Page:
Friday, 18 December 2020

Latest view of Brexit from across the Channel.

 Brexit: will it be wrong? Will not fish? 

Fishing crystallises tensions around Brexit. The editorial staff of the Littoral echo takes stock of this thorny subject.

"92% of English fishermen voted in favuor of BREXIT" ... that's in any case what an information report from the National Assembly affirms. So, BREXIT, good news for English fishermen? Not so sure …

Thibault Josse, project manager of the Pleine Mer Association, thinks the opposite: “It is certain that English fishermen have the feeling of being dispossessed of their fishing quotas. In fact, 80% of English quotas are held by foreign owners or British millionaires. But this has nothing to do with the European Union. The problem is that the English quotas are distributed via a system of Individual Transferable Quotas (ITQ). A system where fishing quotas are put on the market, which favors the accumulation of these quotas by the great fortunes. This system will not change with Brexit: artisanal fishermen are cheated by the industrialists who will continue to buy back the quotas, and by the populist right of Boris Johnson who has used this problem to get Great Britain out of Europe. But the problem of quota grabbing will not change with Brexit ”

A recent press release from the BLOOM association goes in the same direction:“The commodification of access to fishery resources which was inaugurated by the ITQ system - which are governed by the law of supply and demand - has therefore favoured the financialisation and capitalisation of fishing in the United Kingdom . In the absence of regulation, these mechanisms give rise to an ever greater concentration of the sector in the hands of a few operators. These oligopolies gradually eat away at the fishermen's access to quotas and end up excluding them from the sector. From this point of view, the problem is therefore neither that of the distribution of TACs (total allowable catches) between the countries of the European Union - moreover questionable and open to criticism - nor even that of free access to British waters. . As it happens, it is one of the direct consequences of the introduction of this ITQ system by the British government itself. "

According to these two associations, the privatisation of fishing quotas would therefore be the reason why British artisanal fishermen voted in favuor of BREXIT… but probably the famous BREXIT will not change the problem. So it seems that the populist right led by Boris Johnson has largely manipulated English fishermen, into believing that Europe was responsible for the quota grabbing, when the real problem lay elsewhere. This prospect is disturbing, especially since BREXIT will have a strong impact on European fishermen, but also on the British fishing industry which exports three quarters of its seafood to the European Union.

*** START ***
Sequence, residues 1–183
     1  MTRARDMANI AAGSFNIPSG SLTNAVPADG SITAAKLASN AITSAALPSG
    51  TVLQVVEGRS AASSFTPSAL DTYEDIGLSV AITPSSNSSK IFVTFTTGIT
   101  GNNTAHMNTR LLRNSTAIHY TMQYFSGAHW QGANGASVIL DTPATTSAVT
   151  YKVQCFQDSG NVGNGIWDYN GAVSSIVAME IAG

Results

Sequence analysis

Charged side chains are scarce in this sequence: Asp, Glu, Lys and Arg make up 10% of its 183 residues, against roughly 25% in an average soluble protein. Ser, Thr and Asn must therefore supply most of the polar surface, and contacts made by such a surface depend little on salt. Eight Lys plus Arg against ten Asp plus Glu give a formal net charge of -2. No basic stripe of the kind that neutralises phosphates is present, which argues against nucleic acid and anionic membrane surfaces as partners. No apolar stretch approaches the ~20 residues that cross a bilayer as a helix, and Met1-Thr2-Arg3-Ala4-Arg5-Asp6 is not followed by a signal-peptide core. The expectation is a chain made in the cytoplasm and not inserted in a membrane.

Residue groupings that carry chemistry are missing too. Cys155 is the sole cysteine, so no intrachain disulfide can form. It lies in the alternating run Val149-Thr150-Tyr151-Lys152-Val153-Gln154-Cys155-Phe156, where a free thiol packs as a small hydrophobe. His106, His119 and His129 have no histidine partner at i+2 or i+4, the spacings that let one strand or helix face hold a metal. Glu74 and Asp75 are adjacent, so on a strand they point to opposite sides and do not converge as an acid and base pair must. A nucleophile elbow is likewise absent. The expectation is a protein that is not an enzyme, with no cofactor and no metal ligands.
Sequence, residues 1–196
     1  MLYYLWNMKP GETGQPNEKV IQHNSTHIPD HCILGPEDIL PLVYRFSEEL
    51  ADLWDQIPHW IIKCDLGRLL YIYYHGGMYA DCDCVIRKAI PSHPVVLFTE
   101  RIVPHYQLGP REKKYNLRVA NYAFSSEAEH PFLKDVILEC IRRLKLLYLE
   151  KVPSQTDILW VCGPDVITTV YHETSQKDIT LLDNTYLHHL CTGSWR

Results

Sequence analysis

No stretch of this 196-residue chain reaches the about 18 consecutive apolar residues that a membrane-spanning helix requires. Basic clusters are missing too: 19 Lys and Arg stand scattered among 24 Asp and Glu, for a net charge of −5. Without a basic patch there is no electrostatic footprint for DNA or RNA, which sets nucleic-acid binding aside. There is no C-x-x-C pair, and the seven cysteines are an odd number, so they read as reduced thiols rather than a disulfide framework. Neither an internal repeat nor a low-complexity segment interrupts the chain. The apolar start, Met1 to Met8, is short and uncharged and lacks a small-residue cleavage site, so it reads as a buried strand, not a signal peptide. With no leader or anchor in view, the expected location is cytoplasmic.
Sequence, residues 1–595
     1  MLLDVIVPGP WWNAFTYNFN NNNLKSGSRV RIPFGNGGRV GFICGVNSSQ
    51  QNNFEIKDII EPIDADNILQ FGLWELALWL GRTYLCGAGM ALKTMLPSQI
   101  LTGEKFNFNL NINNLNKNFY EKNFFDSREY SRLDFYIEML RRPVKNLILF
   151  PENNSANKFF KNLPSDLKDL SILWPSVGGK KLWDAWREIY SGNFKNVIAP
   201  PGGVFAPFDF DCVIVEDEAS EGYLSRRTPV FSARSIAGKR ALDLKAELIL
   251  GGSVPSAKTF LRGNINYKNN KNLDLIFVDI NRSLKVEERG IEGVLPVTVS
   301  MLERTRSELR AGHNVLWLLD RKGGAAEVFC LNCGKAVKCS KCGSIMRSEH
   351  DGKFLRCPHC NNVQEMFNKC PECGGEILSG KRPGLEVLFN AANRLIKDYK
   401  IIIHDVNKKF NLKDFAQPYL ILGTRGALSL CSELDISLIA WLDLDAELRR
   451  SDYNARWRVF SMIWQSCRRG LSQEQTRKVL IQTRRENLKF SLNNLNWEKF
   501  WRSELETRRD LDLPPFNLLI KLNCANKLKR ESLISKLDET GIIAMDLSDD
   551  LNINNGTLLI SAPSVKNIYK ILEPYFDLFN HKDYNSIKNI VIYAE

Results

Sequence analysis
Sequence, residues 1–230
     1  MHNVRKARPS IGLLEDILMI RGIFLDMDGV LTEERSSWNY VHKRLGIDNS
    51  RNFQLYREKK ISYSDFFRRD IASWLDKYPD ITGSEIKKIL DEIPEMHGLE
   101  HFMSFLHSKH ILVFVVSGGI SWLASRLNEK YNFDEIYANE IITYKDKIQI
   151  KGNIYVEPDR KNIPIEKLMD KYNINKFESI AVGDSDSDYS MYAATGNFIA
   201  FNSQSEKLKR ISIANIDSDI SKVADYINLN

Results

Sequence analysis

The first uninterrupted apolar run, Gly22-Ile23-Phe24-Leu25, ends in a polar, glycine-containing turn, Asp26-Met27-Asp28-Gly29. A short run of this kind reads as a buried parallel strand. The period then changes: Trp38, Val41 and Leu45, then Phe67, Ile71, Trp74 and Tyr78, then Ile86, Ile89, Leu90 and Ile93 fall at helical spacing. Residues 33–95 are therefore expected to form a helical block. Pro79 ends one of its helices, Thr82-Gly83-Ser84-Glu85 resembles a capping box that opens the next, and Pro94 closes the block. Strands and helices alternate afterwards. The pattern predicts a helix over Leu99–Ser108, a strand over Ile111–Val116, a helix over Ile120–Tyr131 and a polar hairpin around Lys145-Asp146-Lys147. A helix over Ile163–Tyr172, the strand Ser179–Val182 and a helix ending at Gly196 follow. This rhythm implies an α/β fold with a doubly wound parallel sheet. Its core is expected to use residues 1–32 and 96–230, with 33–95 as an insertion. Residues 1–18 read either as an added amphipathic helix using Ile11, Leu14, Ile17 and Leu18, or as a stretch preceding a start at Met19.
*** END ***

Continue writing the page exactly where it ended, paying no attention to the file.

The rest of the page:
Hubert CarrĂ©, president of the National Committee for Fisheries and Marine Washings explains “If overnight there is a border and we no longer have the right to cross it, well I can tell you that it hurts a lot . The 12-meter gill net from Dunkirk, which is 3/4 of an hour from British waters, will be 100% impacted in its activity. The trawler which is 60 to 80 meters which used to fish pelagic in British waters will also be affected. So there is an impact on the vessels depending on their profession and the area they frequent, and the most affected are the fishermen of Hauts-de-France, Normandy and Brittany. Some fish almost 100% in British waters such as those who fish for anglerfish for example. Armaments will be impacted between 25 and 85% " 

Indeed for the fishermen of Boulogne or Lorient, up to 90% of the catches are carried out in British waters. A dramatic situation for certain armaments which will have to fall back on French waters. However, this “deferral of effort” may also pose a problem: boats which traditionally fished in British waters will find themselves in competition with coastal boats. This phenomenon could cause real "conflicts for the resource" or even a phenomenon of overfishing in certain areas.

On the British side, 70% of fishery products are exported to the European Union. The introduction of high customs duties on seafood could therefore have a strong impact on the English fishing industry, and serve as a means of pressure to maintain the historic fishing rights of certain European shipping lines in British waters. Indeed, high customs duties would have dramatic effects on the English fishing industry in the very short term: the purchase price of fish would fall sharply following the drop in demand, putting fishermen and fishmongers in great difficulty.

Ursula Von Der Leyen, President of the European Commission evokes "a big point of tension on fishing" while Boris Johnson said he wanted to "deploy the British Navy" so that European fishermen do not have access to English waters from the October 1st. Between populist arguments, postponement of effort and customs duties ... the Brexit soap opera is far from over!

Full story courtesy of The Echo of the Coast website.